Akmenes Cementas, Lithuania’s only cement manufacturer, posted sales of 12.324 million litas (EUR 3.57m) for the first five months of 2005, a decline of 2 per cent from the year-earlier figure of 12.556 million litas. In May alone, the sales shrank by 3.8 per cent, year-on-year, to 32.29 million litas.
"Although the State Non Food Products Inspectorate (VNMPI) has banned imports of bulk cement with significant content of harmful substances, i.e. hexavalent chromium, from Belarus, imports of packed cement with the same content of harmful stuff has not been prohibited," said Arturas Zaremba, Akmenes Cementas CEO. According to VNMPI data, the content of hexavalent chromium, which may do harm to human skin, in the cement imported from Belarus, Russia or Ukraine exceeds the permissible threshold by 3-to-7 times. Meanwhile, Akmenes Cementas has been investing heavily into the purchase of special equipment so as to reduce the concentration of hexavalent chromium in its products.
Amid a rise in competition with imported cement on domestic market, the Naujoji Akmene-based cement producer has been raising exports steadily. Exports comprised 41 per cent of total output in the first five months of 2005, up from 30 per cent in the same period last year. "We mostly ship our products to Latvia, Finland and Russia’s exclave of Kaliningrad, these export destinations have remained unchanged for a number of years," Zaremba noted.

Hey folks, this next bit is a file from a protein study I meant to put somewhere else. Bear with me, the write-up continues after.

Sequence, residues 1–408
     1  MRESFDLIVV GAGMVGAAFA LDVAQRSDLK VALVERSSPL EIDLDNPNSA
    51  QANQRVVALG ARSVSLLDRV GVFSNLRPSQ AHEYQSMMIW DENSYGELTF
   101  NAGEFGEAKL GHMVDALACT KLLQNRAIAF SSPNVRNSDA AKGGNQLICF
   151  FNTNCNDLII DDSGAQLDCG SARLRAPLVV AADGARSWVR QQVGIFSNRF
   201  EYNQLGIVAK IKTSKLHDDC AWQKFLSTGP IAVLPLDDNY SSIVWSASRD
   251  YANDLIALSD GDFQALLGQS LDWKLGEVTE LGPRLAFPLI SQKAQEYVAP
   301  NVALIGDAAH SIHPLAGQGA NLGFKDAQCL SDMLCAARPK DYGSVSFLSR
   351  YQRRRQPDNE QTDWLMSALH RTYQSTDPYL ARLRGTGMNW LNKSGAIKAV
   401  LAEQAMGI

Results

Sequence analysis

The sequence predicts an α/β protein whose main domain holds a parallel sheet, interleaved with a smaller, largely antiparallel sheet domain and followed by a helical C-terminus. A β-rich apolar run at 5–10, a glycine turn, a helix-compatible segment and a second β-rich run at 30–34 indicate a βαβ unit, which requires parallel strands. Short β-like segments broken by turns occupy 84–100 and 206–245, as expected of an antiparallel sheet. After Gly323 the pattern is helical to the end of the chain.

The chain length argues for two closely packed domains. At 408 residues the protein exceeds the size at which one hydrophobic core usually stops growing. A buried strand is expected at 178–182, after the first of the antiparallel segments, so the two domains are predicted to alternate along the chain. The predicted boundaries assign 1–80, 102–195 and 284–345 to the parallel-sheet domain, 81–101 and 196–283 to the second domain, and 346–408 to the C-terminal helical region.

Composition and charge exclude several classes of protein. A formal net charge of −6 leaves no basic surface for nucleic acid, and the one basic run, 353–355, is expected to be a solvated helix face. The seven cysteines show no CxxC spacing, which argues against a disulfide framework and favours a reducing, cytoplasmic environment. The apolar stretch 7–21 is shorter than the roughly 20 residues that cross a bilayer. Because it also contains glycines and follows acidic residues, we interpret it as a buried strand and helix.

The cement manufacturer posted a net profit of 3.956 million litas in 2004, down from a net profit of 5.124 million litas in 2003. Annual revenues grew by 16.3 per cent to 103.98 million litas. Akmenes Cementas has an authorized share capital of 46.165 million litas. Cemex, the Mexican cement giant, controls a 33.95 per cent stake through a subsidiary company. Four Lithuanian private individuals hold a combined stake of 51 per cent.